The Bloomberg Barclays Global Aggregate Total Return Index lost 4 percent in November, the deepest slump since the gauge’s inception in 1990. Bonds in Europe extended declines with their U.S. peers as OPEC’s agreement on Wednesday to cut oil production added to prospects of higher inflation. The reflation trade has been driving markets since Donald Trump’s presidential election win due to promises of tax cuts and $1 trillion in infrastructure spending. All this has prompted investors to dump debt that was offering near-record-low yields and pile into stocks.
The level of “complacency” in the market has simply gotten to an extreme that rarely lasts long. The chart below is the comparison of the S&P 500 to the Volatility Index. As you will note, when the momentum of the VIX has reached current levels, the market has generally stalled out, as we are witnessing now, followed by a more corrective action as volatility increases.”
The federal government is on track to forgive at least $108 billion in student debt in coming years, as more and more borrowers seek help in paying down their loans, leading to lower revenues for the nation’s program to finance higher education…..President Barack Obama has promoted income-driven repayment plans—passed by Congress in the 1990s and 2000s—to stem a sharp rise in borrowers defaulting on their loans since the recession. Enrollment in such plans has more than tripled over the past three years to 5.3 million borrowers, who owe roughly $355 billion.
In San Francisco, the number one most ludicrously expensive rental market in the US, rents have now sagged for the fifth month in a row. Asking rent for a median one-bedroom fell to $3,330. That’s still a lot of moolah: $40,000 a year for a small, very average apartment. But that’s down 9.3% from the peak of the rental bubble in October 2015….The last time rents declined year-over-year was in April 2010 in the process of the housing bust bottoming out. Now it’s just the beginning, a turning point, not a blip.
While certain markets continue to dream of the economy that might be, we continue to be stuck with the economy that continues to be nothing like it. Last week the Census Bureau reported that exports fell slightly year-over-year in September 2016 after rising slightly in August for the first positive number in two years. On the import side, marginal US demand remains non-existent; imports fell almost 3% year-over-year in September. The brunt of domestic weakness continues to fall on the Chinese. This year is by far the worst year for US imports of Chinese goods since the Great “Recession.” Year-to-date through September 2016, imports have declined by more than 6% from the first nine months of 2015. That is a huge downturn from even last year’s weakness, where exports YTD through September 2015 were up 6% over the same period in 2014. As always, Chinese economic and financial baselines were written for 20% growth; single digits are trouble, negative single digits big trouble.
India’s demonetization campaign is not going as expected……This strategy however, appears to not have been conveyed to the public, and as Bloomberg adds, “bankers are bracing for long hours and angry mobs as pay day approaches in India.” “Already people who are frustrated are locking branches from outside in Uttar Pradesh, Bihar and Tamil Nadu and abusing staff as enough cash is not available,” said CH Venkatachalam, general secretary of the All India Bank Employees’ Association. The group has sought police protection at bank branches for the next 10 days, he added.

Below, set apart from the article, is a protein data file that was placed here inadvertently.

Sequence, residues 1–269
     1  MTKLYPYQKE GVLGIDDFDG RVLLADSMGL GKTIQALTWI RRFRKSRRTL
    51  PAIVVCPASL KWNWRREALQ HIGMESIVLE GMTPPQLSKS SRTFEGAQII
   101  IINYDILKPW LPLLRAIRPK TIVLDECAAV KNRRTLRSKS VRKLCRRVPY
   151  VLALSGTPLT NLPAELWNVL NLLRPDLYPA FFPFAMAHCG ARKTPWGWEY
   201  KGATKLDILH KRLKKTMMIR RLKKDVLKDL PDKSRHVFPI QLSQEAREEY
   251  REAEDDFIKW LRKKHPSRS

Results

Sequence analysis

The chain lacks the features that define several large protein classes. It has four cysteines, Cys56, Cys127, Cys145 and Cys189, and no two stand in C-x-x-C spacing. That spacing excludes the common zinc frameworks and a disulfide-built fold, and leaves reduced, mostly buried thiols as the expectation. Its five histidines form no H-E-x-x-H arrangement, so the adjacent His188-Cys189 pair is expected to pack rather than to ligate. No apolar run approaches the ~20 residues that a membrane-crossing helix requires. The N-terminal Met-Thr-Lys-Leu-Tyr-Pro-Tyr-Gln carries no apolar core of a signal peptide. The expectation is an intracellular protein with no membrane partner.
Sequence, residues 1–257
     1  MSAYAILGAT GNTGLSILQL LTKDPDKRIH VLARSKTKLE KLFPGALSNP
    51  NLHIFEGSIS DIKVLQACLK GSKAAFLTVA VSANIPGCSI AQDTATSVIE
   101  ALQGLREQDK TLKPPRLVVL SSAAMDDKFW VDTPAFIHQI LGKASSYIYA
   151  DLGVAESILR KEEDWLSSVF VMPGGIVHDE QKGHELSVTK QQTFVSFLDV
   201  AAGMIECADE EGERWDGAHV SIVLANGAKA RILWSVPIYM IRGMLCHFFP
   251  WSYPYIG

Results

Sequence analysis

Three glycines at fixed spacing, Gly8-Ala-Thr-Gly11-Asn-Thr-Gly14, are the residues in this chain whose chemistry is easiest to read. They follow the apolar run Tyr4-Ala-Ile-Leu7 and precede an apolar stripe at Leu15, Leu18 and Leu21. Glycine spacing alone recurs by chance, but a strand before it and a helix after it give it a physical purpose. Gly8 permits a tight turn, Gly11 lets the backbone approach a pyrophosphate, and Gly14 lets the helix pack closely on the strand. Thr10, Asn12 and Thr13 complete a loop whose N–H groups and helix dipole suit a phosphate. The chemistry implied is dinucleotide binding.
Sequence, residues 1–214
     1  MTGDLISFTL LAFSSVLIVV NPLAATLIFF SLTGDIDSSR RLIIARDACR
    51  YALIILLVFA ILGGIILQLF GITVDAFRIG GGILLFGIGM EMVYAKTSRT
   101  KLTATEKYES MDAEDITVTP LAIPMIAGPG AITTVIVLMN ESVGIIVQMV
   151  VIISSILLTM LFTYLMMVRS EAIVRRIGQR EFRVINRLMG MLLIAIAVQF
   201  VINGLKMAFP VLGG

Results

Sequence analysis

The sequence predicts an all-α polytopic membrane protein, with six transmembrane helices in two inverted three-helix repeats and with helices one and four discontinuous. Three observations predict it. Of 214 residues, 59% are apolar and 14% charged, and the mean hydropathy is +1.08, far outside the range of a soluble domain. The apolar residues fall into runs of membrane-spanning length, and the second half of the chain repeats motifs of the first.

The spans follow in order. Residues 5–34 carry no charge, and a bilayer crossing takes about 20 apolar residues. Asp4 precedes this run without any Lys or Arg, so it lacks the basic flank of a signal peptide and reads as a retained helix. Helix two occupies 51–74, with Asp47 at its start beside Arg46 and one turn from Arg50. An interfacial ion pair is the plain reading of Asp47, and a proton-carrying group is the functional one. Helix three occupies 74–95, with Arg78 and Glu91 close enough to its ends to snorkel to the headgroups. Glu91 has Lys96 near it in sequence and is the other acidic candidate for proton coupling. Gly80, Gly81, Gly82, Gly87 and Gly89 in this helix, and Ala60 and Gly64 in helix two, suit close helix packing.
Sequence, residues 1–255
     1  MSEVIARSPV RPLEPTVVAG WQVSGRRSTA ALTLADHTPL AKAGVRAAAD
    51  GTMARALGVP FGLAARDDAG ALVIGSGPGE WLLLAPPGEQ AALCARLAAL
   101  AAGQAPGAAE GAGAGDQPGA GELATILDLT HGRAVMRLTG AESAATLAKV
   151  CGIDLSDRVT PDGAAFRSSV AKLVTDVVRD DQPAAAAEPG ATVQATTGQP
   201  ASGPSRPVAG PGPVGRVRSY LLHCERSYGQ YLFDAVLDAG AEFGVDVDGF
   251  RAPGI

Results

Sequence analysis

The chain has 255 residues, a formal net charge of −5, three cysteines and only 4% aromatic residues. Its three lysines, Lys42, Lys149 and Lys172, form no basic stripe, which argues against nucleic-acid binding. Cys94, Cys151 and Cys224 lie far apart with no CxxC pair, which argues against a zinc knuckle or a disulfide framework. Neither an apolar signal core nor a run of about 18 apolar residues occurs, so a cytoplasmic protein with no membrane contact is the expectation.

Before the Supreme Court ruled that burning your own flag in public is lawful, federal law and numerous state laws had made it criminal to do so. In analyzing those laws before it declared them to be unconstitutional, the Court looked at the original public understanding of those laws and concluded that they were intended not as fire safety regulations – the same statutes permitted other public fires – but rather as prophylactics intended to coerce reverence for the American flag by criminalizing the burning of privately owned pieces of cloth that were recognizable as American flags.
The number of subprime auto loans sinking into delinquency hit their highest level since 2010 in the third quarter, with roughly 6 million individuals at least 90 days late on their payments. It’s behavior much like that seen in the months heading into the 2007-2009 recession, according to data from Federal Reserve Bank of New York researchers. “The worsening in the delinquency rate of subprime auto loans is pronounced, with a notable increase during the past few years,” the researchers, led by Andrew Haughwout, said Wednesday in a blog on their Liberty Street Economics site.
Super-luxury car dealers in China made calls to their best prospects Wednesday evening, urging them to buy before the clock struck midnight to avoid paying extra taxes on the gilded rides. Some distributors sold as many cars that night as they deliver in three months, as buyers sought to beat the implementation of a 10 percent levy on vehicles costing more than 1.3 million yuan ($189,000) before a value-added tax, according to Wang Cun, an official at the China Automobile Dealers Association.
My articles have also appeared on more than a few of the 200 websites the WP is willfully trying to blacklist. Websites I’ll also openly state I am honored found anything I may articulate worthy for their viewership. And to all of them I say thank you, also. (On an aside David Stockman’s along with Ron Paul’s web site made this list? Again David Stockman and Ron Paul? The WP is trying to imply they’re either knowingly or unknowingly working for the Ruskies? I mean, please excuse my french but – Have they (at the WP) all lost their F’n minds?!)